As many of you will know, I was for many years the Chief Executive of Sheffield City Council. As with many jobs that carry responsibility and profile, things tend to find you. In that job I always reckoned there were two types of phone calls that you did not want to receive. The first was the one that started with “there’s something you need to know” which inevitably means that something has gone wrong. The second is the one that starts with “there’s something I need to tell you” which broadly means the same thing except that they also think it may be your fault! And so it was with some trepidation that I took a call from Paul Sargent, CEO of Queensberry about a year ago. Paul and I had worked very closely on Heart of The City in Sheffield and there was no reason to think there was a problem but it’s a big and complicated development so you never know. I need not have worried, and so it is that now I find myself happily acting as an advisor to Queensberry at what must surely be the most fluid and inventive time for development and regeneration in several decades.
Fluid and inventive though can be scary for some people and some businesses. If I reflect back on my previous experience that is also true for some Councils. In those situations, and in these times, fortune favours the creative, the thoughtful, the agile and the realistic. And when in national terms the policy goal is clear even if the route map is not, then the wise and the bold draw the map. Take ‘Levelling Up’. What’s not to like about a goal of growing the economy of many places in the UK backed up with, quite frankly, lots of cash? There is though at the town and city level sometimes a gap as to what exactly should be done. Enter Queensberry.
In the “old world” of only a few years ago things were simpler. Developers developed and project managers managed with the occasional complicated JV thrown in to keep the lawyers busy. Things are different now. The big developer model struggles to cope with the changed world of occupier sentiment, proper mixed use and turnover rents. JVs are based on assumptions that no longer exist. Projects though are still managed but what places need now, and what in my view Government wants, are plans and schemes that change the entire prospect of a town or city centre, not just a fine project sitting in splendid isolation. This is where we come in.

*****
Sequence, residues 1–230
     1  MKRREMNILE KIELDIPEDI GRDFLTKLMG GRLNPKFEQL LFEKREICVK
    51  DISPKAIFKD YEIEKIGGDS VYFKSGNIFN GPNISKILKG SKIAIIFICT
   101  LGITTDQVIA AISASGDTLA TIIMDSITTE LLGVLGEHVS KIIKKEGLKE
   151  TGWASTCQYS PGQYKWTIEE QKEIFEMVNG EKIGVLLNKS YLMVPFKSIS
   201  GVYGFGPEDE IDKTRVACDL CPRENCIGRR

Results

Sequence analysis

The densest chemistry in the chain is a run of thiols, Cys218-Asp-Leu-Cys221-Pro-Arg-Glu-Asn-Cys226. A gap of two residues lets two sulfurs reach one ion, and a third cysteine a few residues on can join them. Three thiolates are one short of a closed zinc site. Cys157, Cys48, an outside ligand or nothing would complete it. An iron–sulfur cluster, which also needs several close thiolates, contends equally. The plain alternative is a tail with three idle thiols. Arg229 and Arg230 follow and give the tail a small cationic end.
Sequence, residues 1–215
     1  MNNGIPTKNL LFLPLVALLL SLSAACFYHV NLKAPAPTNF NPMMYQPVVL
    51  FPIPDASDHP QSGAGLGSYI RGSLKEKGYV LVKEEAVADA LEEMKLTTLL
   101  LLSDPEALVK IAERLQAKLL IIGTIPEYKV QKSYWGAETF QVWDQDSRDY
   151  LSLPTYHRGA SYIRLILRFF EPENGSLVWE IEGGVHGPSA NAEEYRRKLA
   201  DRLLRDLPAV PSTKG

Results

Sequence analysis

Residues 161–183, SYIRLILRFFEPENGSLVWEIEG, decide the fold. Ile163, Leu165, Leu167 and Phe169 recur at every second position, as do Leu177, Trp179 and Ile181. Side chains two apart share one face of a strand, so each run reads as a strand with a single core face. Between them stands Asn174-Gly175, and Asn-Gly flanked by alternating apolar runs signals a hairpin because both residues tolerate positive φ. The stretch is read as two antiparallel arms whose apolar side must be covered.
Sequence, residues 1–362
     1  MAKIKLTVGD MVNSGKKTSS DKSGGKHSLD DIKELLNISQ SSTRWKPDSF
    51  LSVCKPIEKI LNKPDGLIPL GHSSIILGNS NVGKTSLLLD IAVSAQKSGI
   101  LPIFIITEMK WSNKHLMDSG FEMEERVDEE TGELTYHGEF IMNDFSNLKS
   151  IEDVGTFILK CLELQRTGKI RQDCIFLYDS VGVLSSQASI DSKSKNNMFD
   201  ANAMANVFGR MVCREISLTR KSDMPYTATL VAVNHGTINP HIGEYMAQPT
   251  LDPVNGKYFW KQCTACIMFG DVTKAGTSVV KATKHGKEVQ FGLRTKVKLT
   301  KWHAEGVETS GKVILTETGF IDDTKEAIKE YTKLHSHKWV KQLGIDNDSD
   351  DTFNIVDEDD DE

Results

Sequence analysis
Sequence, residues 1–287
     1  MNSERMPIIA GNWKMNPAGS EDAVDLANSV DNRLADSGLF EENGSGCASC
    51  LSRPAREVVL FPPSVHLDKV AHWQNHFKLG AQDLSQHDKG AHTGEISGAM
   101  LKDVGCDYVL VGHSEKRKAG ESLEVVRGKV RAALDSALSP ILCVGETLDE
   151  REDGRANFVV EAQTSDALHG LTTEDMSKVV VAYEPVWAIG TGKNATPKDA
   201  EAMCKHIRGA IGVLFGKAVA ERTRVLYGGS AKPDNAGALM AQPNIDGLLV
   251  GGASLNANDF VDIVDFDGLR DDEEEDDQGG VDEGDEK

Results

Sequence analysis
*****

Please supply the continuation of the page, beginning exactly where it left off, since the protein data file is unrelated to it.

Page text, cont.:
I was asked recently by a friend what does a development manager do. My answer was simple – they do what it takes. Simple as that answer is, it does lack boundaries as to what exactly will be done and that is a challenge when people (clients) like to know what they are buying. In reality, with the likes of Queensberry – and I say this with the possibly unique experience within the company of having been a major client – what you get, and what we offer, is a partnership. To be honest I do tend to avoid using the “partnership” word for the simple reason that is often over-used and lacks purpose. I use it here deliberately. Both sides playing to their strengths, complementing not duplicating, challenging each other without falling out, clear about the destination but flexible about the route.
For me that is where the motivation is. Getting to know places, maybe spotting what they haven’t yet seen for themselves, iterating and re-iterating what can and should be done, proposing as much as being told what to do, being savvy enough and agile enough to change things as the conditions change, managing, delivering and, of course, being there on the opening night! And we know it works. Just look at Barnsley which quite frankly is the best example going of a well-scaled realistically ambitious scheme in the country for a town that, through The Glass Works scheme, has signalled that it has found its way forward.
There are many organisations and practices that “do” place shaping as the modern parlance would have it and that in my view is the business in which Queensberry is now in. It struck me last week though that there is a very special edge that Queensberry has and it is this. This company has commercial reality in its DNA. It has grown successfully into the place shaping world with that reality at its core. That is unusual and very valuable. It has though not allowed the occasionally grim commercial reality to get in the way of bold and imaginative thinking. Dreamers are useful but places won’t thrive on dreams. Nor will they thrive on piecemeal projects. Maybe we should adopt the “dreams that work” tag!
The bottom line though is that whilst tarmac, trees, bricks and mortar are what often defines our sector it is all about people and human nature. Places – clients, current and potential – need to know our approach and we need to know where they are coming from. We need to understand the policy context as that will drive support and investment. The binary world of the procurement process is no longer the starting point. That is the opportunity that Paul has spotted and given to me as an advisor. I am loving it.